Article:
VOLUME 18 JUNE 2001 NUMBER 6
RADIO MISCELLANEA -- JUNE 2001 From Antique Radio Classified for June 2001
(Copyright 1996-2001 by John V. Terrey - For personal use only.)
"Antique Radio Classified" invites its readers to contribute letters and information for inclusion in "Radio Miscellanea" and elsewhere in the magazine. "In The Marketplace" is based on information submitted by the businesses themselves. All topics should be of general interest and sent to A.R.C., P.O. Box 2, Carlisle, MA 01741. All material submitted should be verified for accuracy and may be edited for publication, which is not guaranteed. See the masthead for more details.
Electromatic TV - Three Ideas
The Electromatic TV in the Photo Review section of the April 2001 issue is probably a Model 101, assuming it has a 10" picture tube. It is in Rider's TV Manual, Volume 5, which makes it about a 1949 model. It is a pretty conventional, transformerless set of the period (selenium rectifiers in a voltage doubler configuration) with intercarrier sound and electromagnetic deflection. The chassis uses 20 tubes. The cabinet looks suspiciously like a Farnsworth of about 1947, but then, that humpbacked style was used by several manufacturers, most successfully by GE in its 800 series.
Thanks for featuring a TV set in the Photo Review pages. I am a collector of TV signal boosters and UHF converters - God help me!
--Mark Nelson, Natick, MA
The Electromatic TV cabinet is apparently the same used by Farnsworth (1947-1949), shown in Rider's TV, Vol. 1. The two appear virtually identical.
Judging from the spacing of the control knobs and the overall verticality of design, I would venture a guess that the chassis may be a Hallicrafters, who sold its chassis to companies that repackaged them.
--Fred Ringwald, Colorado Springs, CO
As soon as I saw the TV in the April issue of A.R.C., I dug out a Farnsworth TV brochure, which appears to be from 1945 or 1947. On page 18 of the brochure is a photo of a "Farnsworth table model TV receiver" that has a shape similar to Ross Mason's set. I wonder if Farnsworth, in its Capehart factories, was making private-brand TV sets early on.
--Norman H Lehfeldt, San Francisco, CA
We wish we had more television contributions since the interest in television is high. (Editor)
... Your publication is superb - in content, format, editorial, etc. As a longtime reader and advertiser, I want to express my appreciation to you and your entire staff.
--Ed Crockett, Harrisburg, MS
... You have a really helpful magazine. Keep it up!
--Jeff Matthews, Morris, IL
... I'll never stop subscribing, no matter what. The function that you serve could not be replaced by the Internet. You are doing so many things for the hobby.
--John Dilks, Egg Harbor Twp., NJ
Oops! It's Dale, not Jim
It is Dale Davenport, not Jim Collings, whose JVC Quadrophonic Demodulator display appeared in the May issue. If you have original records, please contact Dale at 622 S. 18th Street, Ft. Smith, AK 72901. (Editor)
June Catalin Radio Auction
We have preliminary information on an event to be held in late June at which over 40 Catalin radios will be auctioned. Give us a ring here at A.R.C. if you are interested in more information. (Editor)
When I saw the picture of WXYZ in the Maccabees Building, Detroit, in the May A.R.C., many memories were stirred up. The Lone Ranger and Green Hornet both originated from WXYZ, first locally and then nationally. As a young teenager in the 1930s, I had the good luck to see a Lone Ranger broadcast in the WXYZ studio on the ground floor of the building.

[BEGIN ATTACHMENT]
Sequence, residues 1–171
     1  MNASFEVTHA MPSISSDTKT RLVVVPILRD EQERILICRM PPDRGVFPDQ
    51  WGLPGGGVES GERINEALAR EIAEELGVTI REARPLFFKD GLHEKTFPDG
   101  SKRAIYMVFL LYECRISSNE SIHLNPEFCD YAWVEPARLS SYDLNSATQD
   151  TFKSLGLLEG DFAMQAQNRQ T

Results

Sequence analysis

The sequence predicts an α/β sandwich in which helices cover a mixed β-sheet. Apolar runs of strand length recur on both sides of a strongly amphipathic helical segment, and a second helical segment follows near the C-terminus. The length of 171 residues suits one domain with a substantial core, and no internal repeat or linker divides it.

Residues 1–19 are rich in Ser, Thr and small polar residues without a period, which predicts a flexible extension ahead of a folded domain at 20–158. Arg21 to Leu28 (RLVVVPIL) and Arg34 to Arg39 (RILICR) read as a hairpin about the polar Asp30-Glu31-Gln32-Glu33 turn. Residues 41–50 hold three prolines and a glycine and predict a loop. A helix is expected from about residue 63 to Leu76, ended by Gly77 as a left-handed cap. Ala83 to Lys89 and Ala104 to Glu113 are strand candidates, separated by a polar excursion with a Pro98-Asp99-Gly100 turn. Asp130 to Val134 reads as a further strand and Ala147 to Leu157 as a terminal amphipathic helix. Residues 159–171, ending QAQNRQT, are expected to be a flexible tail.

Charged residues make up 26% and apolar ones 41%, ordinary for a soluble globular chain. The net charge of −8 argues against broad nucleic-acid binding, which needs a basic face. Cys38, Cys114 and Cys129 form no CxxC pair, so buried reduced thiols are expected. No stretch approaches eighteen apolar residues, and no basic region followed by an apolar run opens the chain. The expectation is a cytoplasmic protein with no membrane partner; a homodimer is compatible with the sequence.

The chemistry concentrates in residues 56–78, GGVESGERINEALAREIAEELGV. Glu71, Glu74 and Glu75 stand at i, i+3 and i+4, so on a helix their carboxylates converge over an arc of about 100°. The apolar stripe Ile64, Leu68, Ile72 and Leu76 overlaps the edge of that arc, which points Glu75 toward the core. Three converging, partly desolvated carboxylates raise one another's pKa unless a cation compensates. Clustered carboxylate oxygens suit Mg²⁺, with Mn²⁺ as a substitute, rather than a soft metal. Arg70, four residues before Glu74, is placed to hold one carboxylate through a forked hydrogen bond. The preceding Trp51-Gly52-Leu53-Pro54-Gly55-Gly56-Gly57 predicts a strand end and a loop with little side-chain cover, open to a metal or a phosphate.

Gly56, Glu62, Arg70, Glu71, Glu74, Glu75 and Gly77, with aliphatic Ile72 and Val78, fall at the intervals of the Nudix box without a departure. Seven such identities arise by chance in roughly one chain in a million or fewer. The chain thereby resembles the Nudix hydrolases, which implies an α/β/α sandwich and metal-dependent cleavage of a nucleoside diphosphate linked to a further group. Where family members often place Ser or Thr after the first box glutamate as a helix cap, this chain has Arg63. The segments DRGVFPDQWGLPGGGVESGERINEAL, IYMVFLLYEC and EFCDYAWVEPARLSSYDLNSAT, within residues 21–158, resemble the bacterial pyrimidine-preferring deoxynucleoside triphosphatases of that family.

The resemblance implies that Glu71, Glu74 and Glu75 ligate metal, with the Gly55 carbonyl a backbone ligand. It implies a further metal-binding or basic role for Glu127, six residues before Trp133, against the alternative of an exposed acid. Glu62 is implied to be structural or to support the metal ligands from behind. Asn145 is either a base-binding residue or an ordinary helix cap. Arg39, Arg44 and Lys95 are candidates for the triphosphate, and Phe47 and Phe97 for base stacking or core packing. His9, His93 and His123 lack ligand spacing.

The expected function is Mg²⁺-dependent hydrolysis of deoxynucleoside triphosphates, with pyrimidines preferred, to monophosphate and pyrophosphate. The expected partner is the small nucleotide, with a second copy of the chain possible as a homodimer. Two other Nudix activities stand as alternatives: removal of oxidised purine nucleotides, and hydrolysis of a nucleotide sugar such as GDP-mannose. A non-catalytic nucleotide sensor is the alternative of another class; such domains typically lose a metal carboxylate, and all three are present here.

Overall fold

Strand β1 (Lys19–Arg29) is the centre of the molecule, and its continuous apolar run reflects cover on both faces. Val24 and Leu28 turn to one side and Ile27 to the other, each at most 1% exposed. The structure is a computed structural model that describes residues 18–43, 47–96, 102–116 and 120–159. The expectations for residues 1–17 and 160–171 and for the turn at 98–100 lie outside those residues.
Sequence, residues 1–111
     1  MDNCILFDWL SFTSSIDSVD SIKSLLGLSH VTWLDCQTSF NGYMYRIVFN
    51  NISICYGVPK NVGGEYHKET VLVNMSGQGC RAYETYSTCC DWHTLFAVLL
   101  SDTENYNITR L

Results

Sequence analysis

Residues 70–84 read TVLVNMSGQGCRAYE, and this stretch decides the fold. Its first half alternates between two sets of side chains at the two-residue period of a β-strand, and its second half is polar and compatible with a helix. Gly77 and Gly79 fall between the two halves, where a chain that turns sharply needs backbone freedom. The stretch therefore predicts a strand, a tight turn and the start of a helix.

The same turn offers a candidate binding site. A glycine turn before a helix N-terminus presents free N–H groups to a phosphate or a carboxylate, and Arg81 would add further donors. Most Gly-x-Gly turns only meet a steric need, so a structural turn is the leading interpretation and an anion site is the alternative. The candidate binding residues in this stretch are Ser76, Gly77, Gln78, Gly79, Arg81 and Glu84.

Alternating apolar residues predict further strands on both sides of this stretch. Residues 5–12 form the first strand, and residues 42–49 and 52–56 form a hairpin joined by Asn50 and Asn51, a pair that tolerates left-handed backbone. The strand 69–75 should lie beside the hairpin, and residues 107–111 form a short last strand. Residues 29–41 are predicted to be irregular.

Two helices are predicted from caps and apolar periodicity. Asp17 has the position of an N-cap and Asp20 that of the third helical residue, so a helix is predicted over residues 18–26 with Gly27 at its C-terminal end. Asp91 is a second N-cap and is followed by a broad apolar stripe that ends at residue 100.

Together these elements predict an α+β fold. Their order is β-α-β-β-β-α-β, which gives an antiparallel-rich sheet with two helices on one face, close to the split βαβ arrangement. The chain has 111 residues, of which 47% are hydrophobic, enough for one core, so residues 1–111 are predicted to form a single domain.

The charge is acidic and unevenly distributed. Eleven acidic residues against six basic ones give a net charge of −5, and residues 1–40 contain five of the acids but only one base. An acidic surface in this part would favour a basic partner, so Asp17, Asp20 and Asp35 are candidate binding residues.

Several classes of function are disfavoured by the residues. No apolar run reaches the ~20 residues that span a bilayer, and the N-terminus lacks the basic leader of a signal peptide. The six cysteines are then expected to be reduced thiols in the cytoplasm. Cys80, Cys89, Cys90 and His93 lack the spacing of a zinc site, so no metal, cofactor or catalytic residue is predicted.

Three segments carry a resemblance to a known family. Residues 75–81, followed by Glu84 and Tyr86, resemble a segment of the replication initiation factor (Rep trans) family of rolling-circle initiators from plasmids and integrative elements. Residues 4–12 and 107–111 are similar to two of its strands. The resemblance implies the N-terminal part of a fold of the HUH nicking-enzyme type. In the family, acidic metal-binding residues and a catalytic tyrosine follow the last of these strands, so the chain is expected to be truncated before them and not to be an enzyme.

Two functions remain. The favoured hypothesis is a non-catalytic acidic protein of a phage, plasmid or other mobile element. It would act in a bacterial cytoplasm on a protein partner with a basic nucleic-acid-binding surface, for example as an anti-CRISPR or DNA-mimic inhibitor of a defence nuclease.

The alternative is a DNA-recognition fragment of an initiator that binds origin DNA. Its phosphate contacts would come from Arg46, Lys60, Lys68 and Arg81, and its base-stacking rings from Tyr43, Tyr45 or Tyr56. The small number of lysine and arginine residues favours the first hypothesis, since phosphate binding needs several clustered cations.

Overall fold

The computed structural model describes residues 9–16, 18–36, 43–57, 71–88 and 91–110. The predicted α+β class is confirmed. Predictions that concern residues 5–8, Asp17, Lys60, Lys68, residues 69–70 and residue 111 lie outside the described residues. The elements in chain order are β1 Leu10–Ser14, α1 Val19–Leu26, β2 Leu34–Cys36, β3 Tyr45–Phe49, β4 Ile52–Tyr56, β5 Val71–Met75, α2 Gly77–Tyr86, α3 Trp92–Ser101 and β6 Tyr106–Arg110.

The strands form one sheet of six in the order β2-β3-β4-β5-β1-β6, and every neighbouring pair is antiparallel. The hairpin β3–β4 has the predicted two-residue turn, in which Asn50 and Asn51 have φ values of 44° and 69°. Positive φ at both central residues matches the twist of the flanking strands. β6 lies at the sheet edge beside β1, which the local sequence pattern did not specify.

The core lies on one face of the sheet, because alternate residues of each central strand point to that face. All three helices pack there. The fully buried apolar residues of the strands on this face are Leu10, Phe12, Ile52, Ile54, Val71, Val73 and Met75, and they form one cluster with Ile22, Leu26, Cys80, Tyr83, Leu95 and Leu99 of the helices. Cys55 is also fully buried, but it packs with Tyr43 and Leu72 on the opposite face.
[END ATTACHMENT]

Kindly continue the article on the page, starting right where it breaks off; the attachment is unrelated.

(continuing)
I don't recall the flat top antenna on the building, but I do remember the typical vertical antenna on the roof.
In the late 1940s, the station transmitter was moved to a nearby suburban area for better coverage and with increased power. As an electrical engineering student at a local college, I conducted radiation resistance tests on the vertical antenna. Part of our test setup included connecting a broadcast receiver to the antenna. Needless to say, we heard signals from stations that we thought existed only in White's Radio Log.
The call letters WXYZ no longer exist, except as WXYZ-TV. The AM station was sold to Infinity Broadcasting, and its call sign has been changed to WXYT - now an all sports station.
--Ralph Michelson, KG8FA, Brighton, MI
To Renew or Not to Renew
Your magazine is really "well read." Although I am new to the hobby, from previous advertisements I have placed, I've literally had calls and letters from around the world. One hundred percent of those I've dealt with are very honest, and their backgrounds are quite interesting. I do plan to renew my subscription. Thanks much.
--Roy B. Goshorn, Bellwood, PA
This will be my final subscription to your magazine. As I read each copy, I have noticed a big change (for my money) in it that does not continue to appeal to me. Your own full-page ads have taken over the back part, and there is a lack of pictures and special articles on good topics that are just no longer there.
So there it is, and I have enjoyed the ride, but now it's over. Thanks.
--W.D. Triggs, Sr., Orange, TX
Thanks for the kind words from new subscriber Mr. Goshorn. And, we appreciate Mr. Triggs' nine years of support. As for the numerous "house ads" for books, it is the sales of books which help to make up for the drop in subscriptions and advertising from those looking for a "free ride" on the Internet. Please don't forget to check out our own site at www.antiqueradio.com. (Editor)